When Mike Scully, executive producer of "The Simpsons," heard that Film Roman, animator of the long-running Fox hit, had agreed to be bought by India-based Pentamedia Graphics Ltd., he quipped that the new owner would probably expect a higher profile for "Apu," the Indian immigrant who works at the Kwik-E-Mart in the Simpson's fictional hometown of Springfield.

It appears, however, that Apu Nahasapeemapetilon's moment in the Springfield sun hasn't arrived just yet.

Last week, Pentamedia's long-planned purchase of a majority stake in North Hollywood-based Film Roman, which also animates "King of the Hill" for Fox and the new Warner Bros. show "The Oblongs," collapsed when the company failed to meet an extended deadline for its first payment on the $15 million deal.

Nevertheless, Pentamedia, which is India's largest multimedia company and trails only the Walt Disney Co. and Industrial Light and Magic in total animation output, remains in an aggressive acquisition mode both locally and overseas. To help elevate its status as a player in film and television production and distribution, the company operates an office in Cerritos that focuses on business development and marketing to the Hollywood community.

"They want to be a presence in the global entertainment marketplace," said John Hyde, chief executive of Film Roman. "To be that presence, you have to be a presence in the U.S. marketplace as well."

Pentamedia officials could not be reached for comment last week, but the company's ambitious expansion plans indicate it is trying to stake its claim as an international media powerhouse on the level of Disney and Universal Studios, both of which produce and distribute licensed content in a broad range of formats.

Pentamedia is currently negotiating to purchase the Hollywood production company Improvision Corp., in a deal worth an estimated $20 million. Already in 2001, Pentamedia has acquired three Indian companies in cash-and-stock deals. And those acquisitions open new revenue streams in businesses ranging from sports programming and entertainment software to theme parks. In addition, Pentamedia has invested in a Malaysian multimedia center offering high-end training in 2D and 3D animated motion picture capture and special effects that will complement its own 22-acre high-tech campus in Chennai (formerly Madras), India.

The primary focus is clearly on animation, where Pentamedia believes its proprietary software and efficient production process have the potential to trim millions off the budgets of animated Hollywood features. Last year, Pentamedia, in association with Lions Gate Entertainment, released "Sinbad: Beyond the Veil of Mists," the first motion picture to exclusively use 3D technology to capture the movements of live actors and digitally animate them.

Investor skepticism

Pentamedia and its sister corporation, Pentasoft, were formed out of Pentafour Software & Exports in the mid-1990s as the company expanded its focus from software to multi-tiered entertainment. The company's current push is to evolve from primarily an animation workshop to a major content developer for film, television and video games, while expanding its services in the special effects field and CD-ROM and DVD reproduction.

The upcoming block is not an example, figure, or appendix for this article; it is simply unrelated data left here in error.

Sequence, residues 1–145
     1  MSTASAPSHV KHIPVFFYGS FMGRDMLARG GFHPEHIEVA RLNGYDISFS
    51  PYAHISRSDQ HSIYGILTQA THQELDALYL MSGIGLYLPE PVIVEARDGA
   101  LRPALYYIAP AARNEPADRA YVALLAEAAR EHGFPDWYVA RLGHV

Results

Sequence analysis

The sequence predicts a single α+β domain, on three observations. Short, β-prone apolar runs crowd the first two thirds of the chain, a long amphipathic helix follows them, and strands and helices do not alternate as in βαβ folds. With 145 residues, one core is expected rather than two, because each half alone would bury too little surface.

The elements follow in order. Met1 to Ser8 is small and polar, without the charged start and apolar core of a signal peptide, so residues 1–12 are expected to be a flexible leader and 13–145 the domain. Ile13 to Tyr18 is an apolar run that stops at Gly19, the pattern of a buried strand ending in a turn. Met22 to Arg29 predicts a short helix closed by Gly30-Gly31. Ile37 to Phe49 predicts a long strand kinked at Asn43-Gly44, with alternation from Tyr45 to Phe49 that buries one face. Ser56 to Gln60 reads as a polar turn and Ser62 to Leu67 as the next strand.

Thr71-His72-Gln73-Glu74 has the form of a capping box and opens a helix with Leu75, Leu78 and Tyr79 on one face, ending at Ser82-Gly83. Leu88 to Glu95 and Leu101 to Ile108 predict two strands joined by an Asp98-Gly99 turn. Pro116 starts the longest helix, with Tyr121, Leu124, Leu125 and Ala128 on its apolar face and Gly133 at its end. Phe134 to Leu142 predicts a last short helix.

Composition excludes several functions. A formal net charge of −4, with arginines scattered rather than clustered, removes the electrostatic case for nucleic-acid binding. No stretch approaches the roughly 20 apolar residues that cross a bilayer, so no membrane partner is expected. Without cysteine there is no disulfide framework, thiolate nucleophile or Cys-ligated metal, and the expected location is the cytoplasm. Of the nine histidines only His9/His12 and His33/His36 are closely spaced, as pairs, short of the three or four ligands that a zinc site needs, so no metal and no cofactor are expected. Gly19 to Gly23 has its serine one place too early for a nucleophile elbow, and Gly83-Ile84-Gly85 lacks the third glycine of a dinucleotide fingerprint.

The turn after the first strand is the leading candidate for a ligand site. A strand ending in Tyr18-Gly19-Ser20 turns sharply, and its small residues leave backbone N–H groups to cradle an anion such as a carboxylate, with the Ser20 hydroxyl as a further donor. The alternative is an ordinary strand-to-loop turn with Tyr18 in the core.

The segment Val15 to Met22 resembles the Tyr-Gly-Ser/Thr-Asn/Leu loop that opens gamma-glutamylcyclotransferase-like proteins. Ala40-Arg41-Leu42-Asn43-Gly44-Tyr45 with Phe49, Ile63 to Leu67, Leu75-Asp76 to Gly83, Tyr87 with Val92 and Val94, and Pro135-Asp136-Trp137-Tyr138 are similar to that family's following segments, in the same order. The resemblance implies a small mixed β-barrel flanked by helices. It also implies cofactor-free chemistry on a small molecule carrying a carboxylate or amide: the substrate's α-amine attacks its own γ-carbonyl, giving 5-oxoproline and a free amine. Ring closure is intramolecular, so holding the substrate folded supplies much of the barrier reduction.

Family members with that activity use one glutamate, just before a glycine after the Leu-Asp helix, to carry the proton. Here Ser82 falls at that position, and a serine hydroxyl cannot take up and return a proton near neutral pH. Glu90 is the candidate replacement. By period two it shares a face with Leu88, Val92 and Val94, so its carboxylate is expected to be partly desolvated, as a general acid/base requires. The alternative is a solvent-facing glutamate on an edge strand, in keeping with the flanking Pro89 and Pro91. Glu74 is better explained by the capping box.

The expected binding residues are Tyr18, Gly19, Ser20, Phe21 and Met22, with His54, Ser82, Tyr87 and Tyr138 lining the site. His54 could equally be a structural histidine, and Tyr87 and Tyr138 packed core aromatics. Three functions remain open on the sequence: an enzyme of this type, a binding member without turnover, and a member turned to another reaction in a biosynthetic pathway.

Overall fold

So far, its expansion plans are not impressing investors, said Conal Sanjana, who follows Asian markets for Auerbach Grayson & Co. in New York. Although its share price surged nearly 16 percent last week to 61.5 rupees ($1.29) on news of strong earnings growth, Pentamedia's stock price has tumbled in 2001 along with the overall Indian market and remains down by more than 70 percent for the year.

"These acquisitions into what is essentially a new business have caused concern among shareholders," Sanjana said. "The amount of equity is fairly small and the fear is that you can get diluted fast."

In a recent statement, Pentamedia Chairman and CEO V. Chandrasekaran, a former software programmer who worked in the United States, defended the company's aggressive strategy.

"What one should remember is that, when there's change there's growth, and when there's growth there's an element of sacrifice to it," Chandrasekaran said.

Although both Pentamedia and Film Roman say they plan to continue working toward a deal, Pentamedia's bid for a majority stake in Film Roman, which looked like a sure bet a month ago, is now on the shelf.

Hyde said the collapse of the deal would have little immediate impact on Film Roman because Pentamedia's investment was earmarked primarily for future expansion.

"We have cash, we have no debt and we have shows on the air," he said. "It means our expansion will have to go at a more measured pace than (if) Pentamedia stepped in."

Hyde said the deal fell apart when Pentamedia sought to change the terms from all cash to a combination of cash and future deposit receipts.

"The terms were unacceptable to our board," Hyde said. "There was no guarantee on what the receipts would be worth. There was no guarantee on the dollar amount."

Nevertheless, new ownership could have come as a shot in the arm for Film Roman, which posted net losses of $2.6 million in 2000 and $7.5 million in 1999.

"They have some incredibly innovative software, and they have fabulous 2D and 3D film capture and special effects capabilities," Hyde said. "There would have been a great synergy between the companies."

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